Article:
Physical mental and social health

What does Physical, Mental and Social Health Mean?


Physical, mental and social health are some of the dimensions that determine the state of human well-being, far beyond the simple absence of disease.

In fact, the very concept of health is related to an integral vision of the human being, which considers aspects of the body, mind, environment, society, habits and much more.

According to the Constitution of the World Health Organization (WHO), published in 1946, health is “a state of complete physical, mental and social well-being, not just the absence of disease or infirmity”.


Furthermore, health and access to healthcare is fundamental human right that must be ensured.

And it doesn’t stop there: health can also be financial, environmental, intellectual, occupational and even spiritual.

After all, human beings have very complex needs and their balance depends on various aspects of life, which must be in harmony for a full and fulfilled existence.


read also: The Effects of Energy Drinks and Are They Healthy?

7 Main Dimensions of Health and How we Deal With Them

To know if you are really healthy, it is important to analyze your physical, mental, social, financial health, among other essential areas.

Get to know the main dimensions of health and understand how we deal with them.


1. Physical Health

Physical health is the most basic dimension of human well-being, represented by a body in good working order, free of disease, well-nourished and active.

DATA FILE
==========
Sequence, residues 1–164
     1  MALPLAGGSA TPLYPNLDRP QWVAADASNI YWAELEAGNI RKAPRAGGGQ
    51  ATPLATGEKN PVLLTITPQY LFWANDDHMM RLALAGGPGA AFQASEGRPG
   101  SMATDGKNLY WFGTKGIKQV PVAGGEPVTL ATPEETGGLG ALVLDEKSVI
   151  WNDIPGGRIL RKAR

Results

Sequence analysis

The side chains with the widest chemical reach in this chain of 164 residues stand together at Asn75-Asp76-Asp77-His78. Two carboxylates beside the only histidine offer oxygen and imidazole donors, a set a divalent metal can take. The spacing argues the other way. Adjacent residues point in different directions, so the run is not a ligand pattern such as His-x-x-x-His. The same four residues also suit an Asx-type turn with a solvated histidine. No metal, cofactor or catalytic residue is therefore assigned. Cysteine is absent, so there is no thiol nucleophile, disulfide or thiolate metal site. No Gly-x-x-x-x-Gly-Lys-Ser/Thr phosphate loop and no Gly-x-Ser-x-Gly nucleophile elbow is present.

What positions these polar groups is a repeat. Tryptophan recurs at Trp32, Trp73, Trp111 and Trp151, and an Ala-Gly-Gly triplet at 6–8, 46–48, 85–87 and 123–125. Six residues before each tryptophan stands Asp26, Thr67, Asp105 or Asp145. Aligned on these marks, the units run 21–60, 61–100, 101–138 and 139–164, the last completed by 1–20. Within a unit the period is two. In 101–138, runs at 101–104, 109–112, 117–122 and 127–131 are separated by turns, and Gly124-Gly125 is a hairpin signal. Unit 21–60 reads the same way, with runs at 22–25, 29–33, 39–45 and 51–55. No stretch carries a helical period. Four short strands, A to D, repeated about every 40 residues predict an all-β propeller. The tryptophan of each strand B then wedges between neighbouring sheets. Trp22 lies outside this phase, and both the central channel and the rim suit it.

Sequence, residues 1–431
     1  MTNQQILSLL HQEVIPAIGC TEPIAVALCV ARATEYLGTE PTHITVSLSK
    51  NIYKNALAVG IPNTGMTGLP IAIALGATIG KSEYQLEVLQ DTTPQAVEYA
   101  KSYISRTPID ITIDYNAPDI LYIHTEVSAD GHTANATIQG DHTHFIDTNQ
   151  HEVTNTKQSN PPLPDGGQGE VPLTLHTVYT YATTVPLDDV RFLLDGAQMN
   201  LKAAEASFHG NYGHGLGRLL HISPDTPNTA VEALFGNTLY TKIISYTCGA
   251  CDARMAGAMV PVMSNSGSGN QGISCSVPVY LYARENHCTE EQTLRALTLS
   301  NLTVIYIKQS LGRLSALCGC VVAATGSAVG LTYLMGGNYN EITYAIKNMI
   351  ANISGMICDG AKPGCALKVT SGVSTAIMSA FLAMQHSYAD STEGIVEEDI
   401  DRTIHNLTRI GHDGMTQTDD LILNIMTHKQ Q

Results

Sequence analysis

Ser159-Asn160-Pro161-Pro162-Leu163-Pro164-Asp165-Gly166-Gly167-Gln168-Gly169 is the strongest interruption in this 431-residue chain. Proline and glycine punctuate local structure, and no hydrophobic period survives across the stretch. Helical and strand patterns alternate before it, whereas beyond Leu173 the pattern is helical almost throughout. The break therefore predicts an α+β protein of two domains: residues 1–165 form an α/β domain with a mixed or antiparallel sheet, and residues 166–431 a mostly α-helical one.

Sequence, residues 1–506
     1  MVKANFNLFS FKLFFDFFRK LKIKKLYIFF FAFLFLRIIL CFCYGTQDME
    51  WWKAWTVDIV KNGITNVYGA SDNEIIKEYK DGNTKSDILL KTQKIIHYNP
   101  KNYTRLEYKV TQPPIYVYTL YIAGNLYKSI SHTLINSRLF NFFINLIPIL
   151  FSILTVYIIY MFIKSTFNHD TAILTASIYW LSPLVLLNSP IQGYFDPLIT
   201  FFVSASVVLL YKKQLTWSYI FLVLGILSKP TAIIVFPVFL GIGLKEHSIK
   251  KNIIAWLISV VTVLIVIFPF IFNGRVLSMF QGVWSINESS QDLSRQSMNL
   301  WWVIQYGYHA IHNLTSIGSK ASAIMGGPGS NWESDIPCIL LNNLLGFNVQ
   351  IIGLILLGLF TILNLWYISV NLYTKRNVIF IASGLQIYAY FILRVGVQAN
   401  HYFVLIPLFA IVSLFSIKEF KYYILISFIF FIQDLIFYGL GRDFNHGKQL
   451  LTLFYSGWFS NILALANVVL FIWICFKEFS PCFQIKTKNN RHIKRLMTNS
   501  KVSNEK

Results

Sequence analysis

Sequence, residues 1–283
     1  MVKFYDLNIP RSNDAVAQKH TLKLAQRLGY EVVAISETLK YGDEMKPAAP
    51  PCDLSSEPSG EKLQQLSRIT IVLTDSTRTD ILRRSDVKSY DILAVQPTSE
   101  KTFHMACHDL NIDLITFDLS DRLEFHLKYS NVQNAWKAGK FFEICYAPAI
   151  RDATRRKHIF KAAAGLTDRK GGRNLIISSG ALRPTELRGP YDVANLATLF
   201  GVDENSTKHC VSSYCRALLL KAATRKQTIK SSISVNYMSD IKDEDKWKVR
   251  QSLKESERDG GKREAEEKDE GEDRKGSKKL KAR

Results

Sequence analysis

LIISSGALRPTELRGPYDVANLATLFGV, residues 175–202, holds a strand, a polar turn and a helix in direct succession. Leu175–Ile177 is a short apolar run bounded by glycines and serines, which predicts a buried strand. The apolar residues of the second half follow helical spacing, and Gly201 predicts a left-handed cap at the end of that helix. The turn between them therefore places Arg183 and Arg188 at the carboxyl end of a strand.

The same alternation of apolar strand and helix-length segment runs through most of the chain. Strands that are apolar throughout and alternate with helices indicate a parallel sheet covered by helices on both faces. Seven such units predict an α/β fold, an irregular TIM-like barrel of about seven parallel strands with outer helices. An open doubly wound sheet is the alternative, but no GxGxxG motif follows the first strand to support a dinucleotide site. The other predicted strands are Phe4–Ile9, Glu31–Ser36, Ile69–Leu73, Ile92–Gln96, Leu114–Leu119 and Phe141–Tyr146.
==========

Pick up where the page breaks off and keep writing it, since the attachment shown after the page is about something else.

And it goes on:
To reach a physically healthy state, it is necessary to have a balanced diet, practice physical activities, sleep at least eight hours, among other basic medical recommendations.

According to the last National Health Survey, carried out in 2013 by the IBGE and the Ministry of Health, only 37.3% of Brazilians consume the indicated portions of fruits and vegetables, while 22.5% practice the recommended level of physical activity.

Another more recent study, released by First, in 2018, shows that eight out of ten Brazilians are striving to improve their diet and opting for healthier products.

2. Mental Health

Mental health is synonymous with quality of emotional life, i.e., the balance between emotions and feelings in the face of challenges, conflicts, changes and other life events.

Being mentally healthy means being good with yourself and with others, being able to accept adverse situations and knowing how to deal with good and bad emotions, always recognizing your limits — including seeking help when necessary.

According to data from the Pan American Health Organization published in 2019, Brazil has the highest rates of disability caused by depression (9.3%) and anxiety (7.5%) in the American continent.

In addition, the country has already been considered the most anxious in the world by the WHO, with 18.6 million Brazilians suffering from an anxiety disorder in 2019.

3. Social Health

The social health concerns maintaining healthy relationships with family, friends, co-workers and community. As social beings, we have needs for support, recognition and esteem from others, and support networks are fundamental to keeping the other dimensions of a health balanced.

The difference is that social health depends on collective behaviour and culture, and not just on our own circle of coexistence. Thus, more solidary societies tend to have healthier levels of sociability, while more individualistic ones make relationships between people more difficult.